Virgin Galactic Has First Successful Flight Since Fatal Crash in 2014

Apr 5, 2018

This post contains references to products from one or more of our advertisers. We may receive compensation when you click on links to those products. Terms apply to the offers listed on this page. For an explanation of our Advertising Policy, visit this page.

Richard Branson’s space tourism company Virgin Galactic hit a major milestone Thursday afternoon.

The company marked its first successful powered spaceship flight since the fatal crash of Virgin Galactic’s SpaceShipTwo killed co-pilot Michael Alsbury in October 2014.

A crew of two pilots at Virgin Galactic’s test site at Mojave Air and Space Port (MHV) flew the jet-powered mothership, dubbed Eve, and dropped the spacecraft, Unity, mid-flight. Before the test, CNBC reported that Unity would fire its engines for up to 30 seconds and shoot to fly as fast as 1.5 times the speed of sound. Virgin Galactic confirmed on Twitter that Unity did go supersonic.

You can see the flight path on FlightRadar24, even as the space plane reaches its peak of roughly 62,000 feet.

The successful powered flight means a step back in the right direction on the space tourism company’s path to launching its future passengers outside the Earth’s atmosphere for about $250,000 a pop. Last year, Branson said his company was closing in on this mission. “We are now just months away from Virgin Galactic sending people into space and Virgin Orbit placing satellites around the Earth,” he said.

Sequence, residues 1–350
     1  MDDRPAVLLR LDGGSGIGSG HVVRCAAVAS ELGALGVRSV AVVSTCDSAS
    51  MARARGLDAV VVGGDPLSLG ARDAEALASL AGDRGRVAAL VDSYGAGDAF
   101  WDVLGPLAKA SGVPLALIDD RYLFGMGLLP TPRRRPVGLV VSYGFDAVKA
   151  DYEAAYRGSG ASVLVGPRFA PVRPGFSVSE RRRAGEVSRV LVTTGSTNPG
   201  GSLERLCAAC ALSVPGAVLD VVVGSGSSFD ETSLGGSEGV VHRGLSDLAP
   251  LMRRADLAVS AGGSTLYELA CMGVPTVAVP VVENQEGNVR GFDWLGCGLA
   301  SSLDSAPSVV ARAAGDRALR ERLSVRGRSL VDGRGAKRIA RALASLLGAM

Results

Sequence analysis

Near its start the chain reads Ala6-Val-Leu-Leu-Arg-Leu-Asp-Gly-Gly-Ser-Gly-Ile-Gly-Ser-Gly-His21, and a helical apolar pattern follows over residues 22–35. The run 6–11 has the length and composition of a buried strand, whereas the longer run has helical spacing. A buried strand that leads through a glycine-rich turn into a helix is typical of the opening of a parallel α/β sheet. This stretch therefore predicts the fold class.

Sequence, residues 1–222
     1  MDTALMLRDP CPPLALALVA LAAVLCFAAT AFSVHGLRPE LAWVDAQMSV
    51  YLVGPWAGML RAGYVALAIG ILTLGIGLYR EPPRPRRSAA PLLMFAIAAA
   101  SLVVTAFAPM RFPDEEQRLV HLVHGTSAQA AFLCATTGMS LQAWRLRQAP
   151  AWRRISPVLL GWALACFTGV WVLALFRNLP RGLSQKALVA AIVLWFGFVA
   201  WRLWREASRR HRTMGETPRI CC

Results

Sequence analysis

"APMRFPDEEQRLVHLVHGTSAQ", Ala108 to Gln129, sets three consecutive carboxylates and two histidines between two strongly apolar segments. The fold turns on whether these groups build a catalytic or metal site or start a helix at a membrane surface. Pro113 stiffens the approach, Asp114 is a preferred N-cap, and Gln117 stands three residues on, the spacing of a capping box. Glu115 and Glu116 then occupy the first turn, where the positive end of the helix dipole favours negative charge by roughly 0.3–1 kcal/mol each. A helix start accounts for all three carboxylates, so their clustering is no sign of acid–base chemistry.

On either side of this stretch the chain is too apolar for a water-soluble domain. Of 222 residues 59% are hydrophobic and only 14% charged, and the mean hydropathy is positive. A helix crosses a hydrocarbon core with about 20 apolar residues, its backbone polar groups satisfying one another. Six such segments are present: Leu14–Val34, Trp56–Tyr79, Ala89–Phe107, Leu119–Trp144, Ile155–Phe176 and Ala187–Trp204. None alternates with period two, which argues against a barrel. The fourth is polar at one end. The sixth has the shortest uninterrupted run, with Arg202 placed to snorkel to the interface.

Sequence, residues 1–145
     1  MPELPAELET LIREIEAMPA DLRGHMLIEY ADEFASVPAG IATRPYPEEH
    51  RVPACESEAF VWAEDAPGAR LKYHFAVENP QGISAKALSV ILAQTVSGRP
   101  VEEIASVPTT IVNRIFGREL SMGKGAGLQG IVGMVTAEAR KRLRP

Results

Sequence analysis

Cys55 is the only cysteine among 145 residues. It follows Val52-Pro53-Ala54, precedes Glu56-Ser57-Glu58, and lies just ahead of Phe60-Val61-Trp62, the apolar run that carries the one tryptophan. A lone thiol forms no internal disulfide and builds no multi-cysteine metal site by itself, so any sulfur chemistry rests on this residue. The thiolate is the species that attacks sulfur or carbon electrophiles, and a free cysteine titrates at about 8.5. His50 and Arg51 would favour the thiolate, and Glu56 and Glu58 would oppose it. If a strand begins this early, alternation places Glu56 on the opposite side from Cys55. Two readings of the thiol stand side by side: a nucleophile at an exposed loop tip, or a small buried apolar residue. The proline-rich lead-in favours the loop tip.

Virgin Galactic’s subsidiary, The Spaceship Company, builds and tests the spacecraft. The Spaceship Company had only been testing glide flights without engines since the 2014 crash. Federal investigators found that accident was caused both by human error and insufficient safety procedures, reports The Guardian. The original SpaceShipTwo aircraft disintegrated in seconds after the co-pilot unlocked the space plane’s “feathering system” at the wrong speed. The system is meant to slow down and stabilize the spacecraft as it returns to Earth

The new SpaceShipTwo features design changes to avoid a similar accident from occurring again.

Featured image by Virgin Galactic. 

Editorial Disclaimer: Opinions expressed here are the author’s alone, not those of any bank, credit card issuer, airlines or hotel chain, and have not been reviewed, approved or otherwise endorsed by any of these entities.

Disclaimer: The responses below are not provided or commissioned by the bank advertiser. Responses have not been reviewed, approved or otherwise endorsed by the bank advertiser. It is not the bank advertiser’s responsibility to ensure all posts and/or questions are answered.